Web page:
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Attorney Christopher T. Adams

Trusted Attorney Providing Knowledgeable And Dedicated Representation

Should you contact a psychologist about your divorce?

One of the struggles of going through a divorce is the emotional toll it takes on your mental and physical health. For that reason, many people do decide to go into therapy during their divorce. It gives them an outlet where they can speak with someone about what they’re going through.

Some people believe that this could also help them during their divorce by having their psychologist or psychiatrist speak to the court. Of course, in cases of abuse, violence or situations where children are involved, having an expert in psychology on the case could help. However, your specific psychologist may not be the one to bring on board.

Working with experts to support your case

It is certainly reasonable to ask your psychologist to write up a document testifying about a specific event that they saw or heard about. They can give you documentation of any mental health issues you may or may not have if they come into question during the divorce, too. In other situations, it may be better to bring in a new psychiatrist or psychologist who has experience working in the court system, so that they are prepared to help you with your case.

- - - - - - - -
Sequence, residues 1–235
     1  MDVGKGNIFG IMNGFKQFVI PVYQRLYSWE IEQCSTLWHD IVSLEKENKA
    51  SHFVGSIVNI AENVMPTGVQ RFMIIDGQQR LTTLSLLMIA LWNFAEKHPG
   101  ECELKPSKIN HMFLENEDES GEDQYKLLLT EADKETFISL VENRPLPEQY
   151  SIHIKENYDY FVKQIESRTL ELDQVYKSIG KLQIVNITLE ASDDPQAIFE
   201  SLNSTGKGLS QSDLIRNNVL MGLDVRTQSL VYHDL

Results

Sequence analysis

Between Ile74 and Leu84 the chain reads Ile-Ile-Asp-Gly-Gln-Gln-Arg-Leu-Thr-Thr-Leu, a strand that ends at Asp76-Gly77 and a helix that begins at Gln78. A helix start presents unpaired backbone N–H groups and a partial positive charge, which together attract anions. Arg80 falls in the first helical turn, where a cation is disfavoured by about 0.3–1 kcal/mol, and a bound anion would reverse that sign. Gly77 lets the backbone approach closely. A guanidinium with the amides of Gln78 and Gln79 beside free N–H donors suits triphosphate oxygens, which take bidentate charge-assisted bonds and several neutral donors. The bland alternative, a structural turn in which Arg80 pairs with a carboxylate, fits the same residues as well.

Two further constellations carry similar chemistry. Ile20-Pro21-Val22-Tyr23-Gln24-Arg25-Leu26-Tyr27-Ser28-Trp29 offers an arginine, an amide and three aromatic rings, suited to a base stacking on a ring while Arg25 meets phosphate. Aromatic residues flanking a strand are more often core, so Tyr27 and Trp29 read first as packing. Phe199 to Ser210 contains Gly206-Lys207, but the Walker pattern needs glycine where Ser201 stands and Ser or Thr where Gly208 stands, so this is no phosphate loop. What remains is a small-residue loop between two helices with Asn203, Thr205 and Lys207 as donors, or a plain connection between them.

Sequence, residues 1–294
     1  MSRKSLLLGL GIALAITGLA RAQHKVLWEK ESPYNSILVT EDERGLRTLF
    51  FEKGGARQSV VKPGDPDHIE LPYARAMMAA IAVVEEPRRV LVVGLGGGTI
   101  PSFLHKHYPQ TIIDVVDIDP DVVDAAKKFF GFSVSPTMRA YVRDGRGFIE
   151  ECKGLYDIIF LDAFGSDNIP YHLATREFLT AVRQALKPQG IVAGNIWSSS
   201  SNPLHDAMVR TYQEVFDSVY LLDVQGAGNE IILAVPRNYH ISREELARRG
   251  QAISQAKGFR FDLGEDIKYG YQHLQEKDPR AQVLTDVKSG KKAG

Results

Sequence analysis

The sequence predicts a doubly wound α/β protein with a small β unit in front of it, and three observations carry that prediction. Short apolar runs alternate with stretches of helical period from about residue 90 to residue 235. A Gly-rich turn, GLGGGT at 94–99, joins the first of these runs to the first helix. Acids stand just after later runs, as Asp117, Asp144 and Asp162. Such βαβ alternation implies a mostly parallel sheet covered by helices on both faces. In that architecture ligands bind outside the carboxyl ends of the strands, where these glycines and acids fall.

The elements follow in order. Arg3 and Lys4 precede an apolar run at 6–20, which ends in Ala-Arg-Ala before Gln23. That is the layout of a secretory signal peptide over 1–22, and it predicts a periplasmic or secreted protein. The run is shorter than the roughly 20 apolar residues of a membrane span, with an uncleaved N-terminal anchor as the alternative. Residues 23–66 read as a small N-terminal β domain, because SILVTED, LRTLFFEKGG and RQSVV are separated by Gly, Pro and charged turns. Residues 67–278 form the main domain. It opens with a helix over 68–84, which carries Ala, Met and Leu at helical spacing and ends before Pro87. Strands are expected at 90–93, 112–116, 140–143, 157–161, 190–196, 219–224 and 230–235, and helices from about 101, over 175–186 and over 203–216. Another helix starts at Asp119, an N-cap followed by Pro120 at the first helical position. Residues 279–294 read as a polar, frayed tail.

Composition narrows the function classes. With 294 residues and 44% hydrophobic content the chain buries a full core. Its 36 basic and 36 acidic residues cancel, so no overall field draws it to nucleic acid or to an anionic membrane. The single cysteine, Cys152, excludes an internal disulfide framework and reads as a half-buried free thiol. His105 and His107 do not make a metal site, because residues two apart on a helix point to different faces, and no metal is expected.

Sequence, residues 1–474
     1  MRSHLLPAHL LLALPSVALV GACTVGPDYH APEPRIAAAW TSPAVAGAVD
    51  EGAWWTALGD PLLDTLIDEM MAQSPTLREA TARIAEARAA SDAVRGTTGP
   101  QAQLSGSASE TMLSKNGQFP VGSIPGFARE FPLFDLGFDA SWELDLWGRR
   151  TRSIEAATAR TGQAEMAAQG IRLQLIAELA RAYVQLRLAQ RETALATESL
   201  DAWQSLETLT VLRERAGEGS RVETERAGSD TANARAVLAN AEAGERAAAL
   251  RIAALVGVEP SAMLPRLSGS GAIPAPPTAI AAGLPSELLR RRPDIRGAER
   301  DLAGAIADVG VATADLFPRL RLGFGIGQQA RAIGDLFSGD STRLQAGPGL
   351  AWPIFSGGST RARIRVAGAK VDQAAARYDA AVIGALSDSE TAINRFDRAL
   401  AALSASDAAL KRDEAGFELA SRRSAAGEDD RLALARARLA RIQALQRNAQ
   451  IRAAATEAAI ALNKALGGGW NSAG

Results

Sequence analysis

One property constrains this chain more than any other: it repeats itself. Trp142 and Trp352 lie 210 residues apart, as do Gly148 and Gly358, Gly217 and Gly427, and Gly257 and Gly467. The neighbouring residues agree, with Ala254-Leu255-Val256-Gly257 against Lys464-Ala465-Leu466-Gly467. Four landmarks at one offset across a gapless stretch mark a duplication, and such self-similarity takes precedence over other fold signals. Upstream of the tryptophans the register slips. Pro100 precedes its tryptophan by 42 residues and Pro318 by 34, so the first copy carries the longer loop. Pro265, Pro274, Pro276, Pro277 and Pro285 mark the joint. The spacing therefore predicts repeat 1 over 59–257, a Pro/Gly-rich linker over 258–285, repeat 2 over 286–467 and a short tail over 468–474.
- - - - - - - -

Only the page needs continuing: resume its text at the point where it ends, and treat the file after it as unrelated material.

For example, if you are arguing that you believe your spouse has been manipulating your children, you’d likely want to work with a mental health professional who has experience with working with children and abuse as well as someone who understands how their findings could impact a divorce case (like a forensic psychologist).

The court may order a psychological evaluation for you, your spouse or your children in some cases. In that case, it’s worth talking to your attorney about the different psychologists or psychiatric professionals who would be best suited to working with your case. The last thing you want to do is to work with an expert who doesn’t have experience in your situation, because they may not be as thorough or educated as they need to be to meet the court’s qualifications.

You don’t necessarily need a psychologist or psychiatrist for your divorce unless there is a major problem to do with mental health or abuse in the relationship. If you choose to bring one on board, it’s a good idea to look into your options and find someone familiar with family law.


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